United States District Court, W.D. New York
DECISION AND ORDER
MICHAEL A. TELESCA, UNITED STATES DISTRICT JUDGE.
Gonzalez (“Plaintiff”), represented by counsel,
brings this action pursuant to Titles II and XVI of the
Social Security Act (“the Act”), seeking review
of the final decision of the Acting Commissioner of Social
Security (“Defendant” or “the
Commissioner”),  denying his applications for Disability
Insurance Benefits (“DIB”) and Supplemental
Security Income (“SSI”). The Court has
jurisdiction over the matter pursuant to 42 U.S.C.
§§ 405(g), 1383(c).
11, 2012, Plaintiff protectively filed applications for DIB
and SSI, alleging disability beginning October 31, 2009.
These claims were denied initially on July 25, 2012.
Plaintiff filed a written request for a hearing, which was
held on August 28, 2013 in Buffalo, New York. Administrative
Law Judge David Lewandowski (“the ALJ”) presided.
David Sypher, an impartial vocational expert (“the
VE”), appeared and testified. Plaintiff appeared with
his attorney and testified. At the hearing, Plaintiff amended
his onset date to February 11, 2011. On April 16, 2014, the
ALJ issued an unfavorable decision. Plaintiff's request for
review was denied by the Appeals Council on July 2, 2015,
making the ALJ's decision the final decision of the
Commissioner. Plaintiff then timely commenced this action.
one of the sequential evaluation, the ALJ found that
Plaintiff had not engaged in substantial gainful activity
since February 11, 2011, the amended alleged onset date. At
step two, the ALJ found that Plaintiff had the following
“severe” impairments: lumbar protrusion, asthma,
major depressive disorder, and left elbow and shoulder
tendinitis. At step three, the ALJ determined that
Plaintiff's impairments, considered singly or together,
did not meet or equal one of the listed impairments in 20
C.F.R. Pt. 404, Subpt. P, App. 1. The ALJ specifically
considered Listings 1.04 (disorders of the spine), 3.03
(asthma), 1.02 (major dysfunction of a joint), and 12.04
to proceeding to step four, the ALJ determined that Plaintiff
had the residual functional capacity (“RFC”) to
perform the exertional requirements of light work as defined
in 20 C.F.R. §§ 404.1567(b), 416.967(b), and could
frequently perform postural activities; reach, push and pull;
must avoid pulmonary irritants; and was able to understand,
remember and carry out simple instructions, perform simple
tasks, and work in small, familiar groups.
four of the sequential evaluation, the ALJ concluded that
Plaintiff had past relevant work (“PRW”) as an
assistant manager at Autozone, doing patient intake at a
health care center, retail sales at Macy's, and order
picking at a corporate services company. However, he was not
able to perform the demands of his PRW. Continuing to step
five, the ALJ relied on the VE's testimony (T.77-78) to
find there were other jobs existing in the national economy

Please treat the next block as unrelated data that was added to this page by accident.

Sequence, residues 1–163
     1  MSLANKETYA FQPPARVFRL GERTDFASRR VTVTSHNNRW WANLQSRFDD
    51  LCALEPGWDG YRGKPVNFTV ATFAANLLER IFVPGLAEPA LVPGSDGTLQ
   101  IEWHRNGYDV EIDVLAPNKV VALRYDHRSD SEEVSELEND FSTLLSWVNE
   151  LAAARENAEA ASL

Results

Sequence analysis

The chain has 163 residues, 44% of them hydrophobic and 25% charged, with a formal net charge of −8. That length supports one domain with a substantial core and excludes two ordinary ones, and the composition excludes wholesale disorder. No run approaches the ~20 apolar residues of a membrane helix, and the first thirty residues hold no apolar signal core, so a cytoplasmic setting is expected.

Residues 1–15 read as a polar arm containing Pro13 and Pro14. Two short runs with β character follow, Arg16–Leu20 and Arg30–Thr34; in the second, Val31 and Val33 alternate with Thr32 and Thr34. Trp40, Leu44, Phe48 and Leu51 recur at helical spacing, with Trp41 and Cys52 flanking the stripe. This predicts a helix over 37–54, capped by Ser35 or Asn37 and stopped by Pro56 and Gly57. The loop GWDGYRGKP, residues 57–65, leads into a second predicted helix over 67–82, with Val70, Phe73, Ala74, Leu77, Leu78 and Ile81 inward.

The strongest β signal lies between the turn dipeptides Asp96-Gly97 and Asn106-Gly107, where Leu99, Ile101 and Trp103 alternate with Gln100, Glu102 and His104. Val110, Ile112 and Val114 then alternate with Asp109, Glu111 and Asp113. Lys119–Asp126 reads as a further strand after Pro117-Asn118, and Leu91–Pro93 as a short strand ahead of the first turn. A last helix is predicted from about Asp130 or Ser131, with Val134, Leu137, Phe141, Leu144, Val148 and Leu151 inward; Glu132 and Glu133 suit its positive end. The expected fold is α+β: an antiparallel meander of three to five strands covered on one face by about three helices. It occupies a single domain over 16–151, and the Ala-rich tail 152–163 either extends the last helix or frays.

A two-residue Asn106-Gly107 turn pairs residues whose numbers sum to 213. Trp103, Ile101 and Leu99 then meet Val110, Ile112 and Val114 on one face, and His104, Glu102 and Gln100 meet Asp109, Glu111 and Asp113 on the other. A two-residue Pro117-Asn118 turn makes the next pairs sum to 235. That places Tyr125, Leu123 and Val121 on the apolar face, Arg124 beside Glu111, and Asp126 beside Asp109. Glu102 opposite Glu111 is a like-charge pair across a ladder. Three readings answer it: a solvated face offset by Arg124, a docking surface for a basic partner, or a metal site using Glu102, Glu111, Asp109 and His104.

that a person of Plaintiff's age, and with his education,
work experience, and RFC, could perform the requirements of
the following representative occupations: electrical
assembler, inspector/hand packager, and mail sorter.
Accordingly, the ALJ entered a finding of “not
district court may set aside the Commissioner's
determination that a claimant is not disabled only if the
factual findings are not supported by “substantial
evidence” or if the decision is based on legal error.
42 U.S.C. § 405(g); see also Green-Younger v.
Barnhart, 335 F.3d 99, 105-06 (2d Cir. 2003). The
district court must accept the Commissioner's findings of
fact, provided that such findings are supported by
“substantial evidence” in the record. See 42
U.S.C. § 405(g) (the Commissioner's findings
“as to any fact, if supported by substantial evidence,
shall be conclusive”). “Substantial evidence
means ‘such relevant evidence as a reasonable mind
might accept as adequate to support a conclusion.'”
Shaw v. Chater, 221 F.3d 126, 131 (2d Cir. 2000)
(quotation omitted). The reviewing court nevertheless must
scrutinize the whole record and examine evidence that
supports or detracts from both sides. Tejada v.
Apfel, 167 F.3d 770, 774 (2d Cir. 1998) (citation
omitted). “The deferential standard of review for
substantial evidence does not apply to the Commissioner's
conclusions of law.” Byam v. Barnhart, 336
F.3d 172, 179 (2d Cir. 2003) (citing Townley v.
Heckler, 748 F.2d 109, 112 (2d Cir. 1984)).
Failure to Develop the Record
a hearing on disability benefits is a non-adversarial
proceeding, the ALJ generally has an affirmative obligation
to develop the administrative record.” Perez v.
Chater, 77 F.3d 41, 47 (2d Cir. 1996) (citing
Echevarria v. Secretary of Health & HumanServs., 685 F.2d 751, 755 (2d Cir. 1982)).
“Whether dealing with a pro se claimant or one
represented by counsel, the ALJ must ‘develop [the
claimant's] complete medical history.'”
Lopez v. Comm'r of Soc. Sec., 622 F. App'x
59, 60 (2d Cir. 2015) (summary order) (citing 20 C.F.R.
§ 404.1512; Perez, 77 F.3d at 47 (describing
duty to develop record)). “[T]he agency is required
affirmatively to seek out additional evidence only where
there are ‘obvious gaps' in the administrative
record.” Eusepi v. Colvin, 595 F. App'x 7,
9 (2d Cir. 2014) (summary order) (quoting Rosa v.
Callahan, 168 F.3d 72, 79 & n. 5 (2d Cir. 1999)).
“[W]where there are no obvious gaps in the
administrative record, and where the ALJ already ...